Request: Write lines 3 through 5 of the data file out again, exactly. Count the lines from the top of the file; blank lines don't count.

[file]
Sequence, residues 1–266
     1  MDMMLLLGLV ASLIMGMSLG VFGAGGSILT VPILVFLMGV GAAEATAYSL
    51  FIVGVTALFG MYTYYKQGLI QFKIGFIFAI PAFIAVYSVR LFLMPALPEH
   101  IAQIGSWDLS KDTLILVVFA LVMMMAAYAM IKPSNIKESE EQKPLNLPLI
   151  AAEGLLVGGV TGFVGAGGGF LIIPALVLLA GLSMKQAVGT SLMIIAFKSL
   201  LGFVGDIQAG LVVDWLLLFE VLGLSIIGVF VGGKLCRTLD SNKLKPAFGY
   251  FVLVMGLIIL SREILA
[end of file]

    51  FIVGVTALFG MYTYYKQGLI QFKIGFIFAI PAFIAVYSVR LFLMPALPEH
   101  IAQIGSWDLS KDTLILVVFA LVMMMAAYAM IKPSNIKESE EQKPLNLPLI
   151  AAEGLLVGGV TGFVGAGGGF LIIPALVLLA GLSMKQAVGT SLMIIAFKSL